The Bandwagon Fallacy (also, Argument from Common Sense, Argumentum ad Populum): The fallacy of arguing that because "everyone" (or someone in power who has widespread backing) supposedly thinks or does something, it must be true and right. E.g., "Whether there actually is large scale voter fraud in America or not, many people now believe there is and that makes it so." Sometimes also includes Lying with Statistics, e.g. “Over 75% of Americans believe that crooked Hodiak is a thief, a liar and a pervert. There may not be any evidence, but for anyone with half a brain that conclusively proves the case!”


Yeah it is the bandwagon fallacy.

But apparently, critical thinking skill is becoming rarefied even at HN.


upvoted for truth.


So basically, your counterargument to the evidence I presented (however flimsy, and at least they look legit: http://www.allsides.com/bias/about-bias) is the Proof by Assertion fallacy https://en.wikipedia.org/wiki/Proof_by_assertion as well as Argumentum ad Populum?

Perhaps you should put your Rational Debate cap back on and try this again. If I have any say in the matter, truth determination in the Age of Alternative Facts will be more rigorous than ever.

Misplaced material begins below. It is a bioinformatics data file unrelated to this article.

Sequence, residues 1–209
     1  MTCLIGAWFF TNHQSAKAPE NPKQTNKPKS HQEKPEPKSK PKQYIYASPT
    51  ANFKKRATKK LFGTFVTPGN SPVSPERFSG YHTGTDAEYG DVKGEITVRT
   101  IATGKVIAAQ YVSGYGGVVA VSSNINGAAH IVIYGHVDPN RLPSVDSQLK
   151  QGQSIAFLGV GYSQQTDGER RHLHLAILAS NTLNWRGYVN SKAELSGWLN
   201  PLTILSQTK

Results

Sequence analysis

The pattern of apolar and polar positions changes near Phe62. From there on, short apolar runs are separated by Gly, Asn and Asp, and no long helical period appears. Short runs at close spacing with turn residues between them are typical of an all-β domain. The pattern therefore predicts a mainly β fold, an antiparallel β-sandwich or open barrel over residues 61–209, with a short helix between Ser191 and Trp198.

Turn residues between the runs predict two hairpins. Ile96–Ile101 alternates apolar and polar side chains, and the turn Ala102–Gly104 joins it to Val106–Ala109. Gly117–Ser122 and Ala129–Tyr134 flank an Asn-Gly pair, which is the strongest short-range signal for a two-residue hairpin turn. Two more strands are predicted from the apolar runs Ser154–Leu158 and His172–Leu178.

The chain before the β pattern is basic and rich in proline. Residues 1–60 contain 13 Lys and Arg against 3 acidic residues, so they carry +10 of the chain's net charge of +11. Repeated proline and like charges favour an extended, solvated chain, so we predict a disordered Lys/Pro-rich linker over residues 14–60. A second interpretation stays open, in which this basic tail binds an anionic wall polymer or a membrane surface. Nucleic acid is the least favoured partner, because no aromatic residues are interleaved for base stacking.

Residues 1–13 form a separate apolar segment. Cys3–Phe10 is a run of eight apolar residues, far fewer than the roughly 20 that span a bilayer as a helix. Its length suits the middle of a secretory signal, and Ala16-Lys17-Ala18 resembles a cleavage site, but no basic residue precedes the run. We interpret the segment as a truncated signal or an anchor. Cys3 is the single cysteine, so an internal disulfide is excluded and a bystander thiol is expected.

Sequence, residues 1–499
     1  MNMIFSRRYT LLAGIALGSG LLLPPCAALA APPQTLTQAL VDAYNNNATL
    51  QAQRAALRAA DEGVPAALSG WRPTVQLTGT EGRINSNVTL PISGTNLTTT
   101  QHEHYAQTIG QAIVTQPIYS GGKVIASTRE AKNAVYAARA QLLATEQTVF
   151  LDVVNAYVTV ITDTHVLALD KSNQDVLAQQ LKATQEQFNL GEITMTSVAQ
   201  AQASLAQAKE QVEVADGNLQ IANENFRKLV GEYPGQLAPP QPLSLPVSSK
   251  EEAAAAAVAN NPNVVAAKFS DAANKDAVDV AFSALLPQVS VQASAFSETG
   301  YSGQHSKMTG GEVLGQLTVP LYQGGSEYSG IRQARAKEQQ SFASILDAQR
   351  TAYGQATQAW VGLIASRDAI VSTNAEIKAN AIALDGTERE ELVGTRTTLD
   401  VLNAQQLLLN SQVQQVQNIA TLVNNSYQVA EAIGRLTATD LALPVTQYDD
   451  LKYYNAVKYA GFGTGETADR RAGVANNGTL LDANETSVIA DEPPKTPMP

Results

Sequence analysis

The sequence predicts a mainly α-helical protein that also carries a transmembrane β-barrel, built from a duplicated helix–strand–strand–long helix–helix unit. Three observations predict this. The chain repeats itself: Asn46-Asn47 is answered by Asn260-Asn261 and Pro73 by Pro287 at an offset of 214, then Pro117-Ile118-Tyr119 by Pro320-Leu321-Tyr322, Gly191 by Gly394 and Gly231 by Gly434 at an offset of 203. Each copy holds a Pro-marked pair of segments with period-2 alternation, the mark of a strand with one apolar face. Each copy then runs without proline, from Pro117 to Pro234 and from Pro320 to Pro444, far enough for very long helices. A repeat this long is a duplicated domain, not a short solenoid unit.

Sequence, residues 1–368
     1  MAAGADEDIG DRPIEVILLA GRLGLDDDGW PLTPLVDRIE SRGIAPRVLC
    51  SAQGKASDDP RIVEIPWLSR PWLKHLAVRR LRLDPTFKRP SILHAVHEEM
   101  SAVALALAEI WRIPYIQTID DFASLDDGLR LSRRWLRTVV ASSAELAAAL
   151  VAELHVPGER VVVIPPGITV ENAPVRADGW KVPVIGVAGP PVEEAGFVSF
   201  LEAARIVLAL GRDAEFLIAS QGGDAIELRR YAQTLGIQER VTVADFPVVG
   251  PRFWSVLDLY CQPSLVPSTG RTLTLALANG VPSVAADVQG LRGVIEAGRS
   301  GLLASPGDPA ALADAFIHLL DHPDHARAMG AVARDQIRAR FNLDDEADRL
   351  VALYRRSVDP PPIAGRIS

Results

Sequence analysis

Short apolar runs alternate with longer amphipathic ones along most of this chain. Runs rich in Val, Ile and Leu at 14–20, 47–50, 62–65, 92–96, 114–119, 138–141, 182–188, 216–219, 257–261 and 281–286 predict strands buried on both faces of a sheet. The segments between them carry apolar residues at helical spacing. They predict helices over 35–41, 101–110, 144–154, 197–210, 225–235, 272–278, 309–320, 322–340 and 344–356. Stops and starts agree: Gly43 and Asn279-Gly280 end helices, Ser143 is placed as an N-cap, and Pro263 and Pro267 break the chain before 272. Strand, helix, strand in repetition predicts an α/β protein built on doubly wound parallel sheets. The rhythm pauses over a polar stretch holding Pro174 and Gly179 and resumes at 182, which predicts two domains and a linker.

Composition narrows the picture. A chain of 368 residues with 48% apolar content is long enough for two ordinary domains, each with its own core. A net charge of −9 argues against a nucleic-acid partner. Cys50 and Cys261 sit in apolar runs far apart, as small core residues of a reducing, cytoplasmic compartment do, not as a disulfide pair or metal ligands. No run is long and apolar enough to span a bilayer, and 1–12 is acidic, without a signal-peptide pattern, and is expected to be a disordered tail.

No, my counterargument to your evidence was that your link didn't support your position.


Position: "Beware of far-left and far-right sources"

Evidence: A large pool of people who vote on the bias of a site, reported by allsides to be far-left

How is that not supporting????????


There's nothing at your link about TI being "far-left".

(Also, your perception about how the evidence works does not seem to align with the description on the web page. The "blind survey" bit is greyed out, and it says it's based only on "secondary research" and the confidence level in the rating is "low or initial".)


Upvoted for attacking the data correctly.


In addition to what the sibling says, if you actually read the bit on the page you linked, it says their source for their determination is "secondary research" and their confidence in it is "low".


Because we have been conditioned to defend the honor and virtue of arbitrary political tribes by attacking viewpoints and ideas that do not align with our own preconceptions.

If there was a buzzword contest for 2016 I would nominate "cognitive dissonance". It requires far less intellectual effort to be dismissive of ideas and concepts that produce cognitive dissonance, than it is to wrap ones mind around the petty divisions that weaken our society.

Divided, to be more easily conquered? We could all do with a little Sun Tzu these days. Seems it might put our predicament in context.


my guess would be that the source you cite is not a reputable measure of bias.


And yet, the list of news media that biases "Right" seems to be pretty accurate, despite the big disclaimer at the top of the page. Are you disputing the data, or the concept that you can accurately measure bias?


It seems to sanity-check on every other source I look up, and its methods seem sound enough